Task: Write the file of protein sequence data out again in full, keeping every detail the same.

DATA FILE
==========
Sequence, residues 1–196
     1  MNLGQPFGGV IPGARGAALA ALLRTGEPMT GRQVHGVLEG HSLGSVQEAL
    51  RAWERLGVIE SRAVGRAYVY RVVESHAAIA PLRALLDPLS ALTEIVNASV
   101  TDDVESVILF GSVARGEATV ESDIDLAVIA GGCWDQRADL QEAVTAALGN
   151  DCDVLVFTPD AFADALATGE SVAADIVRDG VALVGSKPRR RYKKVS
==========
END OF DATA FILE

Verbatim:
Sequence, residues 1–196
     1  MNLGQPFGGV IPGARGAALA ALLRTGEPMT GRQVHGVLEG HSLGSVQEAL
    51  RAWERLGVIE SRAVGRAYVY RVVESHAAIA PLRALLDPLS ALTEIVNASV
   101  TDDVESVILF GSVARGEATV ESDIDLAVIA GGCWDQRADL QEAVTAALGN
   151  DCDVLVFTPD AFADALATGE SVAADIVRDG VALVGSKPRR RYKKVS